Mao is one of the most successful skaters in the sports and so the title of this thread does sound silly.
Having said that, to address the question that is being asked, I think what made things difficult for her was first and foremost changes to her body, I believe. But she managed to survive them and basically maintain most of her jumps. The only jumps that she really had to give up on due to her body growing up were her quad jumps, I believe. Few female skaters in history have been so lucky as to lose their quad jumps due to puberty.
Mao kept on growing right up to Vancouver Olympic season, and she was 19-years-old then. So this would mean that other girls would potentially need to remain vigilant of growth spurts all the way up to their late teens before they're well and truly beyond the grasp of the puberty monster.
The thing I disagree with is your comment, "it is a fact that her performance did diminish since her prime years." as if it is indisputably true when so many facts and feelings contradict it. She has improved dramatically in the last two years, winning her last 6 Grand Prix events in a row, finishing third and first at Worlds, a new World record in the SP, winning 4CC's by 15 points and becoming the first woman to score 200 points or more in 3 consecutive international competitions. It would be 5 now but for her low score rigging in Sochi. There were setbacks for her at Japanese National Championships and the Olympic SP, but the last three performances are the best she has ever had.
Most people agree that Mao was underscored at Sochi, yet even held down her tech score was still as high as her best tech score in the Grand Prix Final 2007, for what is surely her best tech performance BEFORE Sochi. As for artistry, Mao has perfected a wave-like flow in her arm and hand motions that is constant but especially noticeable when exiting her jumps. This surpasses the artistry she achieved in that Grand Prix Final 2007. Furthermore, her step sequences have reached a level of transcendence that is simply divine. Again, her two performances at Worlds and her incredible number of tweets praising her Sochi performance including the unprecedented number that claimed they cried or had goosebumps) only adds more credence to the fact that she has enhanced the quality of her performances, so that 2013-2014 is her prime year. And while she may have lost to Kim overall at the Olympics, there is agreement in the court of public opinion (social media, tiwtter, you tube and forums) and even among many Olympic skaters, like Tara Lipinski and Elvis Stojko, that Mao had a superior free-skate at Sochi to Kim. I think Mao's coach Sato sums up best what distinguishes her performances now from pre-2010.
"4 years ago she came to me as a two-time World Champion and to be honest there were many days when I was unsure what I should do, thinking this way and that way. Finally we reached a point where we are on common ground, which is right now. Mysteriously she has become someone who can produce something profound."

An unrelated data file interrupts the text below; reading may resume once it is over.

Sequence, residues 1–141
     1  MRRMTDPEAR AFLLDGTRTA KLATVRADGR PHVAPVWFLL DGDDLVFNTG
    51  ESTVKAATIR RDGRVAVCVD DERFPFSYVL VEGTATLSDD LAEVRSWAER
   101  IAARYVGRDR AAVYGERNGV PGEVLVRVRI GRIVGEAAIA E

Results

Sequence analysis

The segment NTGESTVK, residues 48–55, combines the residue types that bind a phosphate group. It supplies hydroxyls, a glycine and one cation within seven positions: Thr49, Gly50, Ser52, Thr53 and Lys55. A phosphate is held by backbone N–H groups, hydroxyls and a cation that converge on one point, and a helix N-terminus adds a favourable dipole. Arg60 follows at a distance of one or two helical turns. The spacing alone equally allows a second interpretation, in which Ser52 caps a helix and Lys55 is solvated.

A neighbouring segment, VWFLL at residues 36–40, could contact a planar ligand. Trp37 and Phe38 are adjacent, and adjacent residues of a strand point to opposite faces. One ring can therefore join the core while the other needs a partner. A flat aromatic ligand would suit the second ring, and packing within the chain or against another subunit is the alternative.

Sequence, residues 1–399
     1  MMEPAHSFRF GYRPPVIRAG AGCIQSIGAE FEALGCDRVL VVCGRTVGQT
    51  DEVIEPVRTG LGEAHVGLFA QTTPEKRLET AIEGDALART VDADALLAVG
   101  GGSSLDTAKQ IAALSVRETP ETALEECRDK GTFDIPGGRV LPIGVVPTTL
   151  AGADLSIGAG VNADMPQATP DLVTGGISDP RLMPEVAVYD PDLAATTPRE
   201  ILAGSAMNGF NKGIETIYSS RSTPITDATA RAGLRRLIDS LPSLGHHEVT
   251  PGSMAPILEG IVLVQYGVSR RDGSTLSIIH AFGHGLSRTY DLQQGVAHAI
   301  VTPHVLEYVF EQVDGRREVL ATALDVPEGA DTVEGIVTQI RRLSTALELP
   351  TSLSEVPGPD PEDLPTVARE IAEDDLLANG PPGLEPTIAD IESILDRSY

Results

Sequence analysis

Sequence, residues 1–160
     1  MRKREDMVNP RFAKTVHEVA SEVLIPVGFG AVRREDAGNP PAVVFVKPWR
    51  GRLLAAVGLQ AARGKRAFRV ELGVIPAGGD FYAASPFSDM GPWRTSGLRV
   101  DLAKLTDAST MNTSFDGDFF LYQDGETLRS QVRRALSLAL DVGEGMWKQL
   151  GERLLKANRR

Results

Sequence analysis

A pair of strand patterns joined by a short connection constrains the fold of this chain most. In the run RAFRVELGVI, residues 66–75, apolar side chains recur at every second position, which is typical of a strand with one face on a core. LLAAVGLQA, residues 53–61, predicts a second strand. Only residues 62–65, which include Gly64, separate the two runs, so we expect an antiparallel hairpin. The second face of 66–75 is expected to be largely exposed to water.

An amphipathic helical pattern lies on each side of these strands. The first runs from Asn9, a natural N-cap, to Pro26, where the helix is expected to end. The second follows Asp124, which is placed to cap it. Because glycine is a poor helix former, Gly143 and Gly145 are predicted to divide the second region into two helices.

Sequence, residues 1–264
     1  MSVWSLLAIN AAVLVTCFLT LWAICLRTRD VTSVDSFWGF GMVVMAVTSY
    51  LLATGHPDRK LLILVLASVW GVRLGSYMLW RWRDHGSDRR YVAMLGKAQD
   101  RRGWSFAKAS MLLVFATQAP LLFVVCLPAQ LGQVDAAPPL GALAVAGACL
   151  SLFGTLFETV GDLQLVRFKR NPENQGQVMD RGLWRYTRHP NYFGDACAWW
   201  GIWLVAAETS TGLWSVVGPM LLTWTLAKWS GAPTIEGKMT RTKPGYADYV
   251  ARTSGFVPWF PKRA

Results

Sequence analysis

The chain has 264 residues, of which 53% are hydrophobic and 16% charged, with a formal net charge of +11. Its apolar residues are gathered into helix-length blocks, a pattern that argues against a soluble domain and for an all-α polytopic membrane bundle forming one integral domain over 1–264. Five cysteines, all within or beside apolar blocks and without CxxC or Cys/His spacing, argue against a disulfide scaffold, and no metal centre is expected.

This depth for me is her consummate artistic and even common human expression she brings to her skating that is quite exceptional and rare, and in my opinion, likely built up from her years of suffering to improve her jumps. her Olympic heartaches, and most importantly, the tragic death of her mother.
Finally, we have the toughest critic of all, Mao herself, who admits “I achieved my targets and feel a sense of completion." Even Mao is claiming success. The only thing that could diminish is the world of figure skating with Mao's absence.
Mao was undefeated on the GP the last two seasons in a row. She had some of her best performances from a technical standpoint this past season and was consistently hitting at least 5 triples whereas the season before her wins could be attributed to superior PCS.
She had a rough FS at nationals but everyone has an off night...but on the whole, Mao was "on" this past season which is why her meltdown in the SP in Sochi was such a shock. But she rebounded with a brilliant FS there and went on to throw down two excellent performances at worlds.
Mao struggled post-Vancouver with reworking/relearning jumps as well as outside factors (the earthquake in Japan, losing her mother). She basically bottomed out; yet she climbed her way back to the top. The fact that she continues to compete and win is a testament to what a resilient and amazing competitor she is. She's the only one of the Big Three who has competed year in and year out for the past two quads.
Was the level of competition in the GP for the last two seasons that strong?
That aside, I'll correct my original statement. I do remember a lot of teeth gnashing from posters over her Olympic prospects prior to the Olympics though.